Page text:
• 5 tablespoons melted butter
  1. Put all the ingredients into the blender in the order they are listed. Cover and blend at top speed for one minute. Scrape down the sides and blend again for a few seconds. Cover and refrigerate for at least 2 hours, or better overnight.
  2. heat a non-stick pan over medium heat for a few minutes until hot. Wipe with a very small amount of butter. Pour in about ⅓ cup of batter and slowly swirl around until the bottom of the pan is covered. Cook for 30 seconds to a minute, until golden brown, then flip over (using spatula, fingers, or wrist flip of the pan. Be careful to not burn yourself.) 30 seconds on the second side, and remove from pan.
  3. Repeat until all batter is used.


Beet Gratin

beetsI was visiting a friend yesterday that has a large and wonderful garden, and I particularly noticed her beets, all in nice rows.  We got to talking, and I mentioned an amazing Beet Gratin recipe I have.  Was she interested?  Of course!  So I dug it out, and I am putting it here for perusal.

Sadly I did not create it or write it, etc, but I cannot now find it online, so to allow the world to have this creation I am putting it here.  It was originally Golden Beet Gratin, but I can never find those so I made it with regular beets, and it is the best beet dish I have ever had.



Beet Gratin
Recipe type: Side Dish
Cuisine: American
Prep time: 
Cook time: 
Total time: 
Serves: 8-10 servings
Best Beet dish I have ever had.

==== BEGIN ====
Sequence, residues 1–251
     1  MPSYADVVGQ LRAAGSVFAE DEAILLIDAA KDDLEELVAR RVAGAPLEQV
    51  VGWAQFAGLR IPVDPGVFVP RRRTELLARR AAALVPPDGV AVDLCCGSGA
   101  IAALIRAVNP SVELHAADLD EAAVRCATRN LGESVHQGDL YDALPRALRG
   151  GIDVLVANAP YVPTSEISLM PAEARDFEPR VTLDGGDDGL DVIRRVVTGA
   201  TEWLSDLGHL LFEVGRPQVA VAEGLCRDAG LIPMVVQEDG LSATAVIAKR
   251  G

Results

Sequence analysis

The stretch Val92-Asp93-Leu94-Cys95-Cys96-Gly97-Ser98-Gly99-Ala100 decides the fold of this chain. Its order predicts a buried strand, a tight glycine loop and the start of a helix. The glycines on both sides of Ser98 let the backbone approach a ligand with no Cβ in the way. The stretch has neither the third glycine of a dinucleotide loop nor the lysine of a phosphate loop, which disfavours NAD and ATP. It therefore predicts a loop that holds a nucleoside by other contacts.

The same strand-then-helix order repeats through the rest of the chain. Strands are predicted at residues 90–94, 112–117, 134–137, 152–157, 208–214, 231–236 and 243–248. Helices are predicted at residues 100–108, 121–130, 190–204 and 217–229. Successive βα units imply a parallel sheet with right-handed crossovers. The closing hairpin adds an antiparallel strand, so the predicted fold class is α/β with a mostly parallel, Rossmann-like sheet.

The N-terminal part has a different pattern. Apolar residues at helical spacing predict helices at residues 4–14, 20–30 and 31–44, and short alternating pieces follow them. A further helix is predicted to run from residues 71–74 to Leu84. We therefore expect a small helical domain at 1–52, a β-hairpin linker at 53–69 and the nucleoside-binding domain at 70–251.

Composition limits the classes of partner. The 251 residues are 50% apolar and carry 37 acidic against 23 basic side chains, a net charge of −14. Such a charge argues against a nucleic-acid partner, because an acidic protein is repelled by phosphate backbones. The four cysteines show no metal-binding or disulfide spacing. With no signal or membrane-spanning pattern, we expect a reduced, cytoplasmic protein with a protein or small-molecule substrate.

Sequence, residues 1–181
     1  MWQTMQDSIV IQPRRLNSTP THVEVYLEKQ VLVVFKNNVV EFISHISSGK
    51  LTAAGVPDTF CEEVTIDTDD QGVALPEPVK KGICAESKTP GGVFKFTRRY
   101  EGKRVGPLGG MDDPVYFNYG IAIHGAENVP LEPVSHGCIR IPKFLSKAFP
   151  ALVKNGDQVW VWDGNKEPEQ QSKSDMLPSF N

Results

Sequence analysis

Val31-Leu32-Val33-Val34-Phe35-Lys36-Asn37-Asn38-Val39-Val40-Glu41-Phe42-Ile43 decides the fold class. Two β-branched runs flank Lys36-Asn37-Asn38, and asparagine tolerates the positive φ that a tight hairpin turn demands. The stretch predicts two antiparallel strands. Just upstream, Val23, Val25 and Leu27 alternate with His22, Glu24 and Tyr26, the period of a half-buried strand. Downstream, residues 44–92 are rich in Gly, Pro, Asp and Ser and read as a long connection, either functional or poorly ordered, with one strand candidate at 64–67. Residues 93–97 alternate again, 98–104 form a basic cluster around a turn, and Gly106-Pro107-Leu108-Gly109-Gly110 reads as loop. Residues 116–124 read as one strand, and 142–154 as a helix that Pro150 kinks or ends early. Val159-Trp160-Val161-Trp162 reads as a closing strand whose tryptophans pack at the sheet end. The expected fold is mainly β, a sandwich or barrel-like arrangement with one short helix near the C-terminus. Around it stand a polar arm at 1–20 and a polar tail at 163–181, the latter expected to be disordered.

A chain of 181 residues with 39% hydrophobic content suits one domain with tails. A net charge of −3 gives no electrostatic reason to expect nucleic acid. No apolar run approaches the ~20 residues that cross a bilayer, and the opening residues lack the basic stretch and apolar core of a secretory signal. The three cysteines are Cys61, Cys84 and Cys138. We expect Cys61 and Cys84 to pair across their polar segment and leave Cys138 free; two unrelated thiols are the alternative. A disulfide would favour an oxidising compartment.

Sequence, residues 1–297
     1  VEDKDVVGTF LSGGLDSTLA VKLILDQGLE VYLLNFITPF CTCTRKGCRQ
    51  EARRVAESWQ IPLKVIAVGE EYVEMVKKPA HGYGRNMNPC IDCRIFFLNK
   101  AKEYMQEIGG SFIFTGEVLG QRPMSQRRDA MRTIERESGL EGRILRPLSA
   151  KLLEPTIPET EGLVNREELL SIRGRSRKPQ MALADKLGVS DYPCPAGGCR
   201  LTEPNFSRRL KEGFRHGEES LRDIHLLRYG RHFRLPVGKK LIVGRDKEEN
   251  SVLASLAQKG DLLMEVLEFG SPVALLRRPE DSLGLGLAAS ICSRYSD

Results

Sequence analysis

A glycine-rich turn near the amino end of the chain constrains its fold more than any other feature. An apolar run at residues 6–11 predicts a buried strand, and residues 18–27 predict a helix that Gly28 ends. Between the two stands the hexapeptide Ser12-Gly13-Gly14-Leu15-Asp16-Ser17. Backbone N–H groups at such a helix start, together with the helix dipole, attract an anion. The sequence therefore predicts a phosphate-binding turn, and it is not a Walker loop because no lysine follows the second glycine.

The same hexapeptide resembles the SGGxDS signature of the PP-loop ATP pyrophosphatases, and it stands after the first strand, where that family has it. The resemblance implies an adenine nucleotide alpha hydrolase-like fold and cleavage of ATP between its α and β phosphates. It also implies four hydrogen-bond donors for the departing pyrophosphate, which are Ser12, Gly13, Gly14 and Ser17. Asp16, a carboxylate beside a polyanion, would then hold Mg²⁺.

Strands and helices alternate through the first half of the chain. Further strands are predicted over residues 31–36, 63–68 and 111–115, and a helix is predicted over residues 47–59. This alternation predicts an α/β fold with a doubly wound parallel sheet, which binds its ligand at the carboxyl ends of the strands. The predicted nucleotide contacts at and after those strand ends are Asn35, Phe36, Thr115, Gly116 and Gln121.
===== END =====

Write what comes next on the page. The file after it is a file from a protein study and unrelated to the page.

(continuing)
• 6-8 red beets
  • 2 lb beet greens

  • ¼ cup water
  • 1 Tablespoon salt (for blanching water)

  • 4 eggs, beaten
  • ¾ teaspoon salt
  • pepper to taste
  • ¾ cup milk
  • 1 large garlic clove, minced
  • ½ cup Gruyere cheese, grated
  • ¼ cup Parmesan cheese, grated
  • 1 Tablespoon Olive Oil
  1. Preheat oven to 425 degrees. Cut greens off beets, leaving ½" of stems. Scrub beets and place in baking dish. Add ¼" water. Cover tightly and bake 35-40 minutes, or until tender. Remove from heat and let cool.
  2. Bring large pot of water to a boil. Stem and wash greens. Add 1 Tablespoon salt to water and blanch greens for a minute or two. Transfer to bowl of cold water, drain, squeeze out water, and chop coarsely. Set aside.
  3. Preheat oven to 325 degrees. Oil 2-quart gratin dish generously with olive oil. Slip skins off beats and slice thin. Beat eggs, ¾ teaspoon salt, pepper, milk, garlic, and all but two Tablespoons of cheeses. Stir into chopped greens.
  4. Make the gratin. Line bottom of dish with sliced beets, overlapping slightly. Add layer of the greens mixture. Continue to make 2-3 layers, depending on the size of the gratin dish. Be sure the top layer is beet slices. overlapping slightly. Sprinkle remaining 2 Tablespoons of cheese over beets and drizzle with olive oil.
  5. Bake 35-40 minutes, until set and lightly browned. Allow to sit 10-15 minutes before serving, to cool slightly and finish setting the gratin. Serve hot or warm.